The California Consumer Privacy Act (CCPA) went into effect January 1, 2020. Many California employers have improperly ignored its application to their businesses. While most employee rights were carved out of the CCPA’s application until January 2, 2021, there are still key requirements under the CCPA that employers of California residents must abide by starting January 1, 2020.
Does the CCPA Apply to Your Business?
The CCPA generally will apply to any for-profit company that does business in California, collects the personal information of California residents (including employees residing in California) and either (1) has at least $25 million in annual gross revenues; (2) buys, sells, shares or receives information from at least 50,000 California consumers; or (3) derives at least 50% of its annual revenue from selling California personal information.
If your business satisfies one of the thresholds, then having California employees is enough to trigger compliance requirements under the CCPA.
Compliance Required Today With Respect to California Employees
Effective January 1, 2020, all businesses that satisfy the threshold requirements under the CCPA are required to provide initial privacy notices to their California resident employees.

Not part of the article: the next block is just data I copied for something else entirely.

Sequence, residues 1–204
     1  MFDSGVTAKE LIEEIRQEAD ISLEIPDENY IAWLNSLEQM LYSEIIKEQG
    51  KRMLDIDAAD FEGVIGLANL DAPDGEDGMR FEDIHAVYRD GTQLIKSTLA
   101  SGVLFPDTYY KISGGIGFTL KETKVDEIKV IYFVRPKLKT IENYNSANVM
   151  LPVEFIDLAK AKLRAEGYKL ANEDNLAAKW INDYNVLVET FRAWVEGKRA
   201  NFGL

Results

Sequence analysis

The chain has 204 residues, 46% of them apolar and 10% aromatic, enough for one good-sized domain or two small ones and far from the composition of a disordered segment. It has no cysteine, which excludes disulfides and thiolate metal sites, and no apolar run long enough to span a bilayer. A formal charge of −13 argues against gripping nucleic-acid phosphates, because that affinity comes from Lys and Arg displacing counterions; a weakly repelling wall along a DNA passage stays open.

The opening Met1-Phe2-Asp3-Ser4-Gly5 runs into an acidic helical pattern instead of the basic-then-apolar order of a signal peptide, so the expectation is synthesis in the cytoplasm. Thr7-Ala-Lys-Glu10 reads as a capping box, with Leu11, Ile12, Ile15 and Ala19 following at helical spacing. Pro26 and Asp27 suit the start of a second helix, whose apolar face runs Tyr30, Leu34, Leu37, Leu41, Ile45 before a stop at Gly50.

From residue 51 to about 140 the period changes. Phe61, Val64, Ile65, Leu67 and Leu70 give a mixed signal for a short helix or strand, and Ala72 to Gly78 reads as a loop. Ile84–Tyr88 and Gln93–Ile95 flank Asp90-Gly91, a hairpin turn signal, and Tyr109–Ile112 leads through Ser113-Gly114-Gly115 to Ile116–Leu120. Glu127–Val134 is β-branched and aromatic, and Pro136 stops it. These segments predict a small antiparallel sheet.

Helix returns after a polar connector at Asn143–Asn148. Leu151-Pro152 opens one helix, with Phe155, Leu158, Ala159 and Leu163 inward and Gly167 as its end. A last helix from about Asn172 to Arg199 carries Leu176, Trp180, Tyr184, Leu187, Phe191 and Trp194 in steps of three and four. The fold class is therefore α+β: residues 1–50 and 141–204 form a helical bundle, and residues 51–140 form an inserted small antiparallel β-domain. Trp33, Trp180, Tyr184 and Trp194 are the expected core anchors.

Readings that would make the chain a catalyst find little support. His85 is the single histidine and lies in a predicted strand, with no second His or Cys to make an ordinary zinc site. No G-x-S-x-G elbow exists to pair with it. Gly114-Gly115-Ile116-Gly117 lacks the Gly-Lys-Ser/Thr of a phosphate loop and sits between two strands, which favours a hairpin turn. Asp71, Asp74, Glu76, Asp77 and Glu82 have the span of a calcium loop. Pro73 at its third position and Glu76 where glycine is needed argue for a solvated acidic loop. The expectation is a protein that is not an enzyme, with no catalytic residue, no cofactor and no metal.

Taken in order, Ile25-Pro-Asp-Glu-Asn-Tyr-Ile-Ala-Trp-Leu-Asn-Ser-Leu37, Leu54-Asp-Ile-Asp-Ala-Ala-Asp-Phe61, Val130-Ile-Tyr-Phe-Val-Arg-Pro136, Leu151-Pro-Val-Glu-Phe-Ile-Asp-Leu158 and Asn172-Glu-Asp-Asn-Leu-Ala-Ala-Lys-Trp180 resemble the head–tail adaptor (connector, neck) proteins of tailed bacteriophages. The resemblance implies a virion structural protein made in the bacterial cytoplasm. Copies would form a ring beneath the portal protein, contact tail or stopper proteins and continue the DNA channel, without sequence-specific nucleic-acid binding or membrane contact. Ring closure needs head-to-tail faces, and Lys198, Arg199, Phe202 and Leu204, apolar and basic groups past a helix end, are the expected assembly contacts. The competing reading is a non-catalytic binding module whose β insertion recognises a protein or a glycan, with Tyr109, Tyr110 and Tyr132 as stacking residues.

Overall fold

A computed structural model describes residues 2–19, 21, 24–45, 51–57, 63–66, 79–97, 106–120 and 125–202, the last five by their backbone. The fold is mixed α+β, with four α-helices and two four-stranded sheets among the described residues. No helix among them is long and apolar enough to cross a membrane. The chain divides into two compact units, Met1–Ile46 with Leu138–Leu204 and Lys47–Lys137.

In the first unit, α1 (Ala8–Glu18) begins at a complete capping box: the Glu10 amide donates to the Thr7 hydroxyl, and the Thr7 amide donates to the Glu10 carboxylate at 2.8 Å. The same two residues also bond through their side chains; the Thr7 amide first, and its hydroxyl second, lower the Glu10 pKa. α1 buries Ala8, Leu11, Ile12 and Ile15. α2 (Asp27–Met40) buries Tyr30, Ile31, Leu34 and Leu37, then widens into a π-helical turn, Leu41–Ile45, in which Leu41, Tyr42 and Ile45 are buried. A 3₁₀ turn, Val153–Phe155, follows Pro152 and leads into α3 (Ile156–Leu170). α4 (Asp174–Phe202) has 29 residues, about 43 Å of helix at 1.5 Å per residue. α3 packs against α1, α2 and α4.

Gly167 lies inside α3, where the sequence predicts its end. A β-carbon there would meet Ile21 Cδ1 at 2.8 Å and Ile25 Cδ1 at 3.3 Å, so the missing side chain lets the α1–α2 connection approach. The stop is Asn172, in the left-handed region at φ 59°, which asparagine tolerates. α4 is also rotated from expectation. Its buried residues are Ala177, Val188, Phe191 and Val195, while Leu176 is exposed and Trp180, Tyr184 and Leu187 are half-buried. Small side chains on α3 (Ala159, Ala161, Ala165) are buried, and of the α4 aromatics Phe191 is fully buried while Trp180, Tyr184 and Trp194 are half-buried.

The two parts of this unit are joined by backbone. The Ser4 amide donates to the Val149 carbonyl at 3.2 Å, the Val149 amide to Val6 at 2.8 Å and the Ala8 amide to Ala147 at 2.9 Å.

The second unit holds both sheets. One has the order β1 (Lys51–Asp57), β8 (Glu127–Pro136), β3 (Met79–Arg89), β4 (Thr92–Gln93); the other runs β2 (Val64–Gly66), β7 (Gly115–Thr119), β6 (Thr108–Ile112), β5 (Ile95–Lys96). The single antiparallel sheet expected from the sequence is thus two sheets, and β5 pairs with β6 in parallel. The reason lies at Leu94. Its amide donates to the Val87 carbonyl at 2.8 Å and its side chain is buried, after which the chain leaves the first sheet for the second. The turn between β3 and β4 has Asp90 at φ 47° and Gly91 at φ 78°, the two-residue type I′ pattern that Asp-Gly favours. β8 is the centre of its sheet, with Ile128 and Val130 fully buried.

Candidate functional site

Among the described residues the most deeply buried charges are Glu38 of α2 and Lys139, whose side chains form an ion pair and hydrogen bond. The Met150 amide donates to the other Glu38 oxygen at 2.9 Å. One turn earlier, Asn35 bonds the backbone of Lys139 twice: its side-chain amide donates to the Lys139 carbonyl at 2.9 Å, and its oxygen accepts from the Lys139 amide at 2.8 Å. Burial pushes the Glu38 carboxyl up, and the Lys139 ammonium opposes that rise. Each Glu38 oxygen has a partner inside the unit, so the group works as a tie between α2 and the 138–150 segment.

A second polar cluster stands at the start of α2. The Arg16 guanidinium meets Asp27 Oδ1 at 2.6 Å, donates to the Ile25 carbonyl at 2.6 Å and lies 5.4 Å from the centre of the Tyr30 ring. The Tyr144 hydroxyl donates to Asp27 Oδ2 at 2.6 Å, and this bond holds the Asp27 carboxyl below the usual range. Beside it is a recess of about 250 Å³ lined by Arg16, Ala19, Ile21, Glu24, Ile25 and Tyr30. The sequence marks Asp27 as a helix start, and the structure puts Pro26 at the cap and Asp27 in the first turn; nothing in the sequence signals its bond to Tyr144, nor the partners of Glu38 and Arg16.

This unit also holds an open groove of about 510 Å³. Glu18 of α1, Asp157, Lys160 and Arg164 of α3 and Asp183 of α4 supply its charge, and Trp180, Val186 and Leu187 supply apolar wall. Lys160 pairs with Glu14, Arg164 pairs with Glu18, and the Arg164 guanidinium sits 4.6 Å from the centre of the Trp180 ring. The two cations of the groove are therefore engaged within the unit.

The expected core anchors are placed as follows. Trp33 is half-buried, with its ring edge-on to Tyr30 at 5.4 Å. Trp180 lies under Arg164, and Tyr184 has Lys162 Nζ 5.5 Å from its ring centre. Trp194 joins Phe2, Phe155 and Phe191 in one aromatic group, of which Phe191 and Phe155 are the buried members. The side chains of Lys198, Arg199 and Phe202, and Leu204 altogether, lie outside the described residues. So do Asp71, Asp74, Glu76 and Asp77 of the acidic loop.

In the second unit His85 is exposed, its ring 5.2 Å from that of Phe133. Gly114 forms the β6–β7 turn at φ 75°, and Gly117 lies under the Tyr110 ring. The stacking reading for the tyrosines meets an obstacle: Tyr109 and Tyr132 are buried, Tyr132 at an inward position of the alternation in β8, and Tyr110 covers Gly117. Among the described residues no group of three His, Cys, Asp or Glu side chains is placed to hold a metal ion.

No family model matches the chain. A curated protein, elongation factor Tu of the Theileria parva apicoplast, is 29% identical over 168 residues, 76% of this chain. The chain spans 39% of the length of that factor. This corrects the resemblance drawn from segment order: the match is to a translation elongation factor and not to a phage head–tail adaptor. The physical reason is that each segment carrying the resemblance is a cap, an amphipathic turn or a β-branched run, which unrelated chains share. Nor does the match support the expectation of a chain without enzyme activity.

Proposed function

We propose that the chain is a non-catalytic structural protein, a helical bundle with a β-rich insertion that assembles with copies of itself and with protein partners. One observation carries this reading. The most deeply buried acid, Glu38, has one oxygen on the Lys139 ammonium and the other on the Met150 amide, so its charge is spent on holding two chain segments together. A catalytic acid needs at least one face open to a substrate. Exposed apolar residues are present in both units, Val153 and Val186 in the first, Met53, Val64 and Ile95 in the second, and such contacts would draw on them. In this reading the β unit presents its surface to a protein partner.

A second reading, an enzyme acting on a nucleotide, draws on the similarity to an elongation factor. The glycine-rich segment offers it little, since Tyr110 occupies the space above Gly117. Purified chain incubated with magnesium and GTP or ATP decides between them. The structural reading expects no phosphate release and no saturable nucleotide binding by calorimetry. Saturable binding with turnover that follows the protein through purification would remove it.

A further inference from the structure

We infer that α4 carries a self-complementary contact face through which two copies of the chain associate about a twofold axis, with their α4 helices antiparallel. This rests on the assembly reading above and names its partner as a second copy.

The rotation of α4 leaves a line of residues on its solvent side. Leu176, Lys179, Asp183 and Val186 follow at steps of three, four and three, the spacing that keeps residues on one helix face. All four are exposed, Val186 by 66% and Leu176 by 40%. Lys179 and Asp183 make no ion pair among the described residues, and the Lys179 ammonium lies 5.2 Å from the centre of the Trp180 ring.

In addition to the initial notice requirements, California employers should be aware that a data breach of HR data stemming from a lack of reasonable protections could be the trigger for a class action lawsuit. It is important for employers to scrutinize information security policies, properly manage all third party service providers who have access to HR data and update internal and external privacy policies to ensure compliance under the CCPA.
Risks of Noncompliance
The CCPA is enforceable by both the California Attorney General and through limited private rights of action (specific to claims with respect to data breaches). Enforcement of the CCPA will begin by the California Attorney General six months after the publication of final regulations or July 1, 2020, whichever is sooner. Fines can run from $2,500-$7,500 per incident (for example, a violation involving 10,000 California consumers could result in fines of $25 million to $75 million).
The California Attorney General (AG) has issued the long-awaited draft regulations for the California Consumer Privacy Act (CCPA), which regulations will be officially filed on October 11, 2019. The AG stated that July 1, 2020 is the expected effective date of final regulations and enforcement. This is not to be interpreted as a safe harbor, but simply an enforcement delay. The public may submit written comments to the proposed regulations prior to December 6, 2019 at 5:00pm. The CCPA is effective on January 1, 2020.
Below are highlights of the key take-aways from the proposed regulations:
Disclosure. The regulations provide a clear emphasis on transparency and set forth format and content requirements for disclosures and privacy notices.
Requests. The regulations include additional parameters on the procedures for receiving and responding to consumer requests, including guidance on timing and reasonings for denying requests. The regulations also provide detailed guidance on how to verify the identity of a requesting consumer.